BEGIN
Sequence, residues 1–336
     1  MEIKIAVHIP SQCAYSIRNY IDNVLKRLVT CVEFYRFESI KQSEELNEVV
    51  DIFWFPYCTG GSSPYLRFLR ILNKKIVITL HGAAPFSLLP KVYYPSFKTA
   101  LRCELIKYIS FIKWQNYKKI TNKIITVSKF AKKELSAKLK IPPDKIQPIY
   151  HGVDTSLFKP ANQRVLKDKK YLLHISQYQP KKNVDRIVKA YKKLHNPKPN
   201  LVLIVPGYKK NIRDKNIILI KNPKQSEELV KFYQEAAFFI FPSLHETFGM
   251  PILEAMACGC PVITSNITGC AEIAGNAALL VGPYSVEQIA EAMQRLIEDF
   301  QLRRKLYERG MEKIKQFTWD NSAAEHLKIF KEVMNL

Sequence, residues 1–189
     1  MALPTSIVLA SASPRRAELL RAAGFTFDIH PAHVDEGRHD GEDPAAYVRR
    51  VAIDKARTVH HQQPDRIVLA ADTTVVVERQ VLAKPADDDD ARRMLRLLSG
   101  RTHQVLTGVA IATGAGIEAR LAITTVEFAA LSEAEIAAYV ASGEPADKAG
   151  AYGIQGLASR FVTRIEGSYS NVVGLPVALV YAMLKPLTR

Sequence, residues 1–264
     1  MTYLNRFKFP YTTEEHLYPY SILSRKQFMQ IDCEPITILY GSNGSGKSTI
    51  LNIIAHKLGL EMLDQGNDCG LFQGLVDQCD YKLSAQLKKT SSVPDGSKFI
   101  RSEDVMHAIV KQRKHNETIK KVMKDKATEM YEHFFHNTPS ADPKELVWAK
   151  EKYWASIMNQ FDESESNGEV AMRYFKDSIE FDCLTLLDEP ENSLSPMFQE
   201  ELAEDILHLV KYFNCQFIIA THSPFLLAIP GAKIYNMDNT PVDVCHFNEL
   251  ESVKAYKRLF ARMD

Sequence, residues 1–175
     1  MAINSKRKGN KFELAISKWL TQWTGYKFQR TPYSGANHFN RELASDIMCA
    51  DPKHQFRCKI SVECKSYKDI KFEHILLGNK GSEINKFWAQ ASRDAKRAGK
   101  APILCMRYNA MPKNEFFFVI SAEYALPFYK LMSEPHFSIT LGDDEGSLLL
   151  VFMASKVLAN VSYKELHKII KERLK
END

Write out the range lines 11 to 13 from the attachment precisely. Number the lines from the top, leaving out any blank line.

    51  VAIDKARTVH HQQPDRIVLA ADTTVVVERQ VLAKPADDDD ARRMLRLLSG
   101  RTHQVLTGVA IATGAGIEAR LAITTVEFAA LSEAEIAAYV ASGEPADKAG
   151  AYGIQGLASR FVTRIEGSYS NVVGLPVALV YAMLKPLTR